On the other hand, the opposing perspective seeks to tie the meaning of “marriage” to an interpretation of the Bible that condemns same-sex relationships and a presumption of what John Wesley must have meant by “marriage” in Article XXI.  The opposing brief even goes so far as to characterize Article XXI as exclusively permitting “heterosexual monogamous marriages” as though those words actually appear in the text.  On the contrary, Wesley chose not to include any such prohibitions at all.  Furthermore, scholarly Biblical interpretations vary widely on these passages, but that diversity has little meaning in terms of Article XXI.  While Wesley cared a great deal about what the Bible does and does not say, as do I, Wesley also made it abundantly clear as he said in his description of “The Character of a Methodist” in 1742, “But as to all opinions which do not strike at the root of Christianity, we think and let think.”

And what did Wesley have to say about what constitutes that “root of Christianity?”  Amongst other places, he answered that question in 1750 in his sermon, “The Catholic Spirit,” when he said that what matters, what is essential, is that our hearts are right; that we love God with all our heart, soul, mind and strength; that we love our neighbors as ourselves.  And as long as we are in agreement on these things, Wesley said, “although a difference in opinions or modes of worship may prevent an entire external union, yet need it prevent our union in affection? Though we cannot think alike, may we not love alike? May we not be of one heart, though we are not of one opinion? Without all doubt, we may. Herein all the children of God may unite, notwithstanding these smaller differences.”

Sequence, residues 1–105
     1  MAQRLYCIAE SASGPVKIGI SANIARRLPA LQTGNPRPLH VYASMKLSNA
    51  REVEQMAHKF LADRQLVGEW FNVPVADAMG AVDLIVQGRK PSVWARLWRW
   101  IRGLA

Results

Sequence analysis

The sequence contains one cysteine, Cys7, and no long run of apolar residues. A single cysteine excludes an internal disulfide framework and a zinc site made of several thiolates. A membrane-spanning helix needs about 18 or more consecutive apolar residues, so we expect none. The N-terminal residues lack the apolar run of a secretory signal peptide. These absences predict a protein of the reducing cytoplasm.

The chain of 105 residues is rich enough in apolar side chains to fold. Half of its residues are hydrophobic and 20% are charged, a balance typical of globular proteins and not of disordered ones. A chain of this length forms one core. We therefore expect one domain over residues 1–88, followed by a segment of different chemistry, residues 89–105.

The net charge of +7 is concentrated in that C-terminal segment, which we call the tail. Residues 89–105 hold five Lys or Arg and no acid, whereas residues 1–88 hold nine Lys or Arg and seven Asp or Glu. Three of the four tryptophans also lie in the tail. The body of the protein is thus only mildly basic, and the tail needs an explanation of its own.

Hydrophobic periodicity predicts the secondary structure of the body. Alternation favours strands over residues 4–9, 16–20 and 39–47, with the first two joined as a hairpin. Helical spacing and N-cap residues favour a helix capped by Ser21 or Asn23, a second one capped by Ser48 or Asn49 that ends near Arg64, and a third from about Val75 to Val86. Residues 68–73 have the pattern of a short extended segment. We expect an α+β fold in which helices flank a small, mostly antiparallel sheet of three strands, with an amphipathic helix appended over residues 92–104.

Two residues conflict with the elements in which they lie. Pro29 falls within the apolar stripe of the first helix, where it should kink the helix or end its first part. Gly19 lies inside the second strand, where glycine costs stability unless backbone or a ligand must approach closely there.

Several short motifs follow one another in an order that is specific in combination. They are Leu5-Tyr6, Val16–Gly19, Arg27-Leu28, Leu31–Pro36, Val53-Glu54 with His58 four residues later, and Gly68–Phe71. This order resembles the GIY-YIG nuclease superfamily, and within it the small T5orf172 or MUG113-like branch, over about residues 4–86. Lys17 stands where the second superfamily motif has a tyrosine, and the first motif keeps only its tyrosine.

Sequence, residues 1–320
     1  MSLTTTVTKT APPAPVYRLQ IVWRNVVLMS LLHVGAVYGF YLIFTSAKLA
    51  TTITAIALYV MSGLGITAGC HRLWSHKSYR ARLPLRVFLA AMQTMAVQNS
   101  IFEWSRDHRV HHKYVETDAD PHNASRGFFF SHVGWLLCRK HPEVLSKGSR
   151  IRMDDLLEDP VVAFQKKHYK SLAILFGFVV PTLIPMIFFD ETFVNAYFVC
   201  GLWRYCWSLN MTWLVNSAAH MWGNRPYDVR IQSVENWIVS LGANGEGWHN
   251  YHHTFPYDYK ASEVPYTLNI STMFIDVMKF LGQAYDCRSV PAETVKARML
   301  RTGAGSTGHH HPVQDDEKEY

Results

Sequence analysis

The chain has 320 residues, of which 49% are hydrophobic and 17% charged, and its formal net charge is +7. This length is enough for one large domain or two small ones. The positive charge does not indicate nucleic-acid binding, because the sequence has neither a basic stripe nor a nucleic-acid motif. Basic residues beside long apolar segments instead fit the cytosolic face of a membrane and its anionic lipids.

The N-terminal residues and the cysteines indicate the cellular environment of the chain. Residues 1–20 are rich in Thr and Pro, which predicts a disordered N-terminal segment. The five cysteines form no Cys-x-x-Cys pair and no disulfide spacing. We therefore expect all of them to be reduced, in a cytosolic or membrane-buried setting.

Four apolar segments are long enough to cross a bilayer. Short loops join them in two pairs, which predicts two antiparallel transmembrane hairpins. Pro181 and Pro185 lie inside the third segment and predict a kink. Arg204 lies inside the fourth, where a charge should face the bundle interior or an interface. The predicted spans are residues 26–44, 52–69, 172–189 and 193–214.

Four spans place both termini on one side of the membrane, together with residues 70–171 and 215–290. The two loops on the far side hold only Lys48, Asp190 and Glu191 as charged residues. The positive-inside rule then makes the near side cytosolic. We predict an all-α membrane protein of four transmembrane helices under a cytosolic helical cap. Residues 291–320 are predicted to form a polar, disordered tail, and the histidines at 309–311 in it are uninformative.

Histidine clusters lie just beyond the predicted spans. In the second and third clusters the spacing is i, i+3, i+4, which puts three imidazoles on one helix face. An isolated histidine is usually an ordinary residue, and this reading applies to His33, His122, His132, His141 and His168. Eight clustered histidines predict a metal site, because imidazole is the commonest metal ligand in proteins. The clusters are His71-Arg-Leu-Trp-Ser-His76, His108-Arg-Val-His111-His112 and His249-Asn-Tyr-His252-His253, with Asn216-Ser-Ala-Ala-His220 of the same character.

Thus, Wesley rejected attitudes such as those presented in the opposing brief which seek to take interpretations related to matters that do not strike at the root of Christianity and uphold their imposition upon all United Methodist persons in the form of church law.

As for what marriage means in Article XXI, in the end, John Wesley did not use the phrase “heterosexual monogamous marriage” and made no such simple attempt to define “marriage.” On the contrary, Wesley embraced complexity and took a sort of dual approach.  On the one hand, by rejecting even Paul’s teaching that Christians should not marry unbelievers, Wesley endorsed the insight that there is a surplus of meaning in scripture, that there can be more than meets the eye.  Standard interpretations from the past can be superseded and new meaning can be found.  This is an insight similarly embraced by the General Conference in its past in overturning approximately 175 years of Methodist policy prohibiting women clergy, which was in turn based on nearly two thousand years of Christian tradition.